Non-Book Review: Beyond The Gates Of Fire

Non-Book Review: Beyond The Gates Of Fire

Beyond The Gates Of Fire: New Perspectives On The Battle Of Thermopylae, edited by Christopher Matthew & Matthew Trundle

At first glance, this would seem to be a very odd book for the De Re Militari, the Medieval military history society, to review [1]. After all, anyone who knows anything at all about the Battle of Thermopylae knows that it happened in ancient Greece, in the fifth century BC, and that the hot gates of that Greek pass were held by 300 brave Spartans immortalized in history, with even a couple of movies devoted to their heroism. We may be able, even, to quote some of Leonidis’ lines from some of the movies, including his quip about fighting in the shade of Persian arrows. That said, it may not be obvious at all what this has to do with the history of the Middle Ages, seeing as the Middle Ages did not even begin until nearly a millennium later. Given the interest of people in Greek history, it seems likely that this odd placement of a book seemingly far outside of its time is what accounted for the fact that it has not been reviewed for a long time. Being the sort of person who has compassion on unwanted books, particularly when they do look like an interesting read, I finally requested the book for myself, so that it can at last be read and reviewed. Pen & Sword can thank me for my generosity anytime they want. I appreciate free books.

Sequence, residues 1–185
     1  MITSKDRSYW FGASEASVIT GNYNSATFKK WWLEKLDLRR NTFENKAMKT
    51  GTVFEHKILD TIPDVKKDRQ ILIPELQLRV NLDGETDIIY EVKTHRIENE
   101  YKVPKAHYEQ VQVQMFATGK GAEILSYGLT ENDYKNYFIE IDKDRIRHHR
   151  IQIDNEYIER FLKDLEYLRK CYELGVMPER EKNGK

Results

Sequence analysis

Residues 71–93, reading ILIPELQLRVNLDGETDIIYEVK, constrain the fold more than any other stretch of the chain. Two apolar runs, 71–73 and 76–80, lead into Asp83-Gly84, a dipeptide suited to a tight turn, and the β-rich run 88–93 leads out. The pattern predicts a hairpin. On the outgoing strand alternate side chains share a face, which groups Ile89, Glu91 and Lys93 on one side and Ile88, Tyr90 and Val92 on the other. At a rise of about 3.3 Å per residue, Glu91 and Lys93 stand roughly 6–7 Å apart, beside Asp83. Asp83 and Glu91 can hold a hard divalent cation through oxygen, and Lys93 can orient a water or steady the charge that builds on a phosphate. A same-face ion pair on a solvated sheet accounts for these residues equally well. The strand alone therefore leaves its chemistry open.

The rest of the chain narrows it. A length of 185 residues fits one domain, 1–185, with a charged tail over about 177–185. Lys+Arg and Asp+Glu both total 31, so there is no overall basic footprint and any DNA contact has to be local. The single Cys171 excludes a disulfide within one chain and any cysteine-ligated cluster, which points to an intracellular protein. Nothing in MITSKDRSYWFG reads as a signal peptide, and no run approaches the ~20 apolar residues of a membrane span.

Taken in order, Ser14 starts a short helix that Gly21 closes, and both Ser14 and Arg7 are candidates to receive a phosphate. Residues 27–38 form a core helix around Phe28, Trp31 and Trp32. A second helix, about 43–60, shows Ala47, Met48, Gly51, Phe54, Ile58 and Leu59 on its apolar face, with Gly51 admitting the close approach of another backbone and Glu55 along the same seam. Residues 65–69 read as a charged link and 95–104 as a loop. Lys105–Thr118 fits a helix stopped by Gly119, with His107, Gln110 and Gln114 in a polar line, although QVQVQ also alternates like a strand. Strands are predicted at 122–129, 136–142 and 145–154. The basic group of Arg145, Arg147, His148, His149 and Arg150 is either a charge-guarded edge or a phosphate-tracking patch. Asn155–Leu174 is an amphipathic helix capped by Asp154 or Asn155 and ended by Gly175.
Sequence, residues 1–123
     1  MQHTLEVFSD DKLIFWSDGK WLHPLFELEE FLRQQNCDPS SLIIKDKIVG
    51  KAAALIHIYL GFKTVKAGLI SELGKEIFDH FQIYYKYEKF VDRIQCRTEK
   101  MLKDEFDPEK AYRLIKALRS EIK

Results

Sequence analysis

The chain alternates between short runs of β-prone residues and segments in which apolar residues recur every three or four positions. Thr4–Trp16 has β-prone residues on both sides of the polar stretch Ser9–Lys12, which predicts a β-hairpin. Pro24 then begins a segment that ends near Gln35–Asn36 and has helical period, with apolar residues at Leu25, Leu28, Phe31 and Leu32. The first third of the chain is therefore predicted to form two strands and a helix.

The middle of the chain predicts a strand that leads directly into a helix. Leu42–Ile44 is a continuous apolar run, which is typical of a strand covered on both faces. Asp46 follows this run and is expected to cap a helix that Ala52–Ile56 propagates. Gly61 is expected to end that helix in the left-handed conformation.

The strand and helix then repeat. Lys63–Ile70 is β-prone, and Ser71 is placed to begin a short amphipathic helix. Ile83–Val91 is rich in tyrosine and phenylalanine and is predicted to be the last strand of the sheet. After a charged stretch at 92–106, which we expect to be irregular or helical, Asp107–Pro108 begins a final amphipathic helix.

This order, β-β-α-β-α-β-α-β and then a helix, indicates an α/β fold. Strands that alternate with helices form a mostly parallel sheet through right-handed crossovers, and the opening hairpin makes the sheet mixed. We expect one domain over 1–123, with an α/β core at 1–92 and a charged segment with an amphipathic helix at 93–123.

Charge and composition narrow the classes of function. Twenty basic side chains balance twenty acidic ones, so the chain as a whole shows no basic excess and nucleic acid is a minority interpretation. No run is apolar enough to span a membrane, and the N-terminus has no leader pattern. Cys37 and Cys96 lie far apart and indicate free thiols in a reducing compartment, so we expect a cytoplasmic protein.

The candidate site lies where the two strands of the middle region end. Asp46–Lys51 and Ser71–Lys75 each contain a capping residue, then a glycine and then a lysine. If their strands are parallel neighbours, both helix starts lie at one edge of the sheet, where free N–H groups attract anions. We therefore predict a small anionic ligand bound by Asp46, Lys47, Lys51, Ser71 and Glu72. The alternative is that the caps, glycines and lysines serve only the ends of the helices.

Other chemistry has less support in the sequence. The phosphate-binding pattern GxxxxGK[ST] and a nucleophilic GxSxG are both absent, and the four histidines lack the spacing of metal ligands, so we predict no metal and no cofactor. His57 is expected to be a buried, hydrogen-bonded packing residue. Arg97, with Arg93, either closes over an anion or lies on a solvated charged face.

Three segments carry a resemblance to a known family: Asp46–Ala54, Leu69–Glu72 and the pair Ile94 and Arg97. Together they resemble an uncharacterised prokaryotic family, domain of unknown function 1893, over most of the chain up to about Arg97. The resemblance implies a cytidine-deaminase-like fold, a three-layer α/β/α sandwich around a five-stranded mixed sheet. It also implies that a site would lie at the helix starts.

As this book is only about 160 pages before its lengthy endnotes, I do not expect it to take long to read and review. Flipping through the book somewhat idly to get a sense of its contents, I see a total of eight chapters, including ones on the follow-up to the famous Battle of Thermopylae, the battle itself, the topography of the pass in 480BC, an examination on whether the battle was a suicide mission, the remembrance of the battle in antiquity, the connections made between the battle and Herodotus’ account of Homer’s Illiad, as well as other battles of Thermopylae and the idea of the glorious defeat. It is these last two chapters that would appear to have the only possible connections of this book to the history of the Middle Ages, and I will particularly be looking for something, anything, that would be of interest to a medieval military historian in this book that is almost completely about the history of ancient Greece. No one ever said I took straightforward and simple tasks upon myself when it came to reading and reviewing books, after all.

[1] See, for example:

About nathanalbright

I'm a person with diverse interests who loves to read. If you want to know something about me, just ask.
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